That is why I like to take the “just a tool” analogy a bit further and look at technology, especially in our schools, as more of an “instrument” than a tool. When I start to imagine technology as an instrument, I start to see it as something more flexible, with more nuanced ways of finessing its intended use. I think about a guitar in this scenario. As a person, I can take my emotions and life experiences, combine them with nearly infinite pairings of notes, chords and rhythms, and express something new that has never existed before in song form. However, my personal humanity and how I “know” how to use the guitar still limits me. Put the guitar into the hands of someone truly visionary, in this case let’s say Jimi Hendrix, now all of the sudden the instrument is being played in ways that the world has never known. On the flip, put a guitar in the hands of someone who has never seen it or heard music, and they might come up with other unassigned uses (like crushing pop-cans with it). When we start to think about kids using technology in school with a more open-minded mentality, we can start to give students the agency to use technology as a way to elevate their own voice and create something in a way that makes sense to them. However, in order to channel this “instrumental” way of thinking, there needs to be some type of framework to guide it.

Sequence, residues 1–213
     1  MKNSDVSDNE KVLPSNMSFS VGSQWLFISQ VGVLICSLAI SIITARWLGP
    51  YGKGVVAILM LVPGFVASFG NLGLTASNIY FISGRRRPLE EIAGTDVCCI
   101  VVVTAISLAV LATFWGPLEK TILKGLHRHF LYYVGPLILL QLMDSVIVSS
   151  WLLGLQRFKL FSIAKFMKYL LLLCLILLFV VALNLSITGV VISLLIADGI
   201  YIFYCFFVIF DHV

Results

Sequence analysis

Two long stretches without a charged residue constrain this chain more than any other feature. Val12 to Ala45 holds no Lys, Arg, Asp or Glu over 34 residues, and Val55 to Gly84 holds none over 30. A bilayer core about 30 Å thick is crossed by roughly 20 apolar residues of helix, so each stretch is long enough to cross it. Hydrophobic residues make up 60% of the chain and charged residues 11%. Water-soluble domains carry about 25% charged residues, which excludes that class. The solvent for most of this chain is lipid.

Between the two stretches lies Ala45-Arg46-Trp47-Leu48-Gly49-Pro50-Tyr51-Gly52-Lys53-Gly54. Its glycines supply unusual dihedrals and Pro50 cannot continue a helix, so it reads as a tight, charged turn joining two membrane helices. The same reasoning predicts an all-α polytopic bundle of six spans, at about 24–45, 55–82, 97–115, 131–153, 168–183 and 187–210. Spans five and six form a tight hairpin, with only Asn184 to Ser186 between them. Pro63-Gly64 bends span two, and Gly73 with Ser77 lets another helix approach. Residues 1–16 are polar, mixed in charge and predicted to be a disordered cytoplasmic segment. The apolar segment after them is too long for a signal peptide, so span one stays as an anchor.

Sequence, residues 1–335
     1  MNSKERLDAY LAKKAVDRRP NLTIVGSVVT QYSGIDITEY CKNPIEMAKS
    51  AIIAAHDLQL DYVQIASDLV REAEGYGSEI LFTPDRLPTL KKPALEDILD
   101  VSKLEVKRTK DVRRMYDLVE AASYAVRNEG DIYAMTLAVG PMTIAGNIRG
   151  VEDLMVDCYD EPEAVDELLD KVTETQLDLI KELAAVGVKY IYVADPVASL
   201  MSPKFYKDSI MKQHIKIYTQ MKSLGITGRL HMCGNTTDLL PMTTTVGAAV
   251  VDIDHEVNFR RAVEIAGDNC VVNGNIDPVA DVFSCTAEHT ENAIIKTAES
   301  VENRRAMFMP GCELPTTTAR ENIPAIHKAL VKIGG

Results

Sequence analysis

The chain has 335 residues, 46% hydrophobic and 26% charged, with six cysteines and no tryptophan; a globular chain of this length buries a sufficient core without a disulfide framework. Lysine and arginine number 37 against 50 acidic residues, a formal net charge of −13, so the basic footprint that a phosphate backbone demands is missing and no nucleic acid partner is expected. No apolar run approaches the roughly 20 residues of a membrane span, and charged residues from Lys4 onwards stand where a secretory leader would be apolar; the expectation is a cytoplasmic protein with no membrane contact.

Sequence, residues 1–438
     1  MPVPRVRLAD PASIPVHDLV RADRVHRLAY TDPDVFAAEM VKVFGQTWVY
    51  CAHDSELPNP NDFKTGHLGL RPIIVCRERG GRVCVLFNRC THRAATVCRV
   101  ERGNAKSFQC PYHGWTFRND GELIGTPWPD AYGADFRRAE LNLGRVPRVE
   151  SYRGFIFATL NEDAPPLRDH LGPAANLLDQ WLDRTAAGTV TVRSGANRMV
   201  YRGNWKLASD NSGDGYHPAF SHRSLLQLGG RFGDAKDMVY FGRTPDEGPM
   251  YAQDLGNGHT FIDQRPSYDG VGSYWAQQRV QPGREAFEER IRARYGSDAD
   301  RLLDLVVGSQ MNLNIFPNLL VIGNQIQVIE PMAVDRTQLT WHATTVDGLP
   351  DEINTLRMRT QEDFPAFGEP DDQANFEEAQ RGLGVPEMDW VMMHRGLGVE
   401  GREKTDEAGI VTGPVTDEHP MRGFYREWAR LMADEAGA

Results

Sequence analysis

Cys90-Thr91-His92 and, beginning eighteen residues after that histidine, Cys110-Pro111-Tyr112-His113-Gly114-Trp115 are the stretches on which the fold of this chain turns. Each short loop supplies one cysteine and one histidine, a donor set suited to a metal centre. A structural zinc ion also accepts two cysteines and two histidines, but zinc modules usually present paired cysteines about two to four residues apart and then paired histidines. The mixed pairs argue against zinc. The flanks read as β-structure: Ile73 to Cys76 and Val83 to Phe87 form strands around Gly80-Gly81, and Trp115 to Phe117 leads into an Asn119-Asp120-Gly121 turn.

So all of this hinges on one big important idea. Our humanity and how we decide as people to engage with it is how we will end up using technology. Understanding this, we have decided at our district to reimagine our technology philosophy to a values-first, technology-second approach. In the edtech arms race of public school, it is easy to get caught up in using technology that is new, flashy & brings great press but totally miss the mark where it could have deep and lasting impacts on learning. I’ve been known to do it myself. To help stay grounded and focused, we have come up with the following core values that are meant to be a framework, from kindergartner to superintendent, on how we aspire in our district to engage with and make decisions around technology. The values are specific to our needs as a district for sure, and should certainly look different in your organization. Our 7 core values are:
I tell our staff that these 7 core values are not policy, but ideals to strive for on a daily basis. We are using these values to help students move from consumers of technology to creators through technology. They are guiding our conversations we have about purchasing and allocating resources. The values provide common ground on how technology can be integrated into teaching and learning. It helps us reframe risk taking and failure as part of the learning process with technology, and they are certainly ideals that we will never fully actualize. Although the values do not tell us exactly where to go, they do point us all in the same direction.
Therefore as we embark on trying to reshape how to put our humanity before our technology needs, I think about the terminator toasters and the altruistic algorithms. It will be how we use technology to funnel and amplify our human experiences, not the technology itself, that will create the future we will all live in. Knowing that, I would much rather give our teachers and students a framework to help shape and create their own future, than sit idly by and live in someone else’s.